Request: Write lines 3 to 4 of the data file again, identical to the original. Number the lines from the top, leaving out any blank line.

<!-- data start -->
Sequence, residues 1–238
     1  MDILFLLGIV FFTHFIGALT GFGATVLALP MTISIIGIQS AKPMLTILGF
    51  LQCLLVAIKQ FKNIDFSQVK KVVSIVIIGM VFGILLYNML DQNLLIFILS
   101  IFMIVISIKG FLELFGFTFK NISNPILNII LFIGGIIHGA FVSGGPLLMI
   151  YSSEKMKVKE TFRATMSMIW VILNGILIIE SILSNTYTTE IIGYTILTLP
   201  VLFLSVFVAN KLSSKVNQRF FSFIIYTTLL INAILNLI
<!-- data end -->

    51  LQCLLVAIKQ FKNIDFSQVK KVVSIVIIGM VFGILLYNML DQNLLIFILS
   101  IFMIVISIKG FLELFGFTFK NISNPILNII LFIGGIIHGA FVSGGPLLMI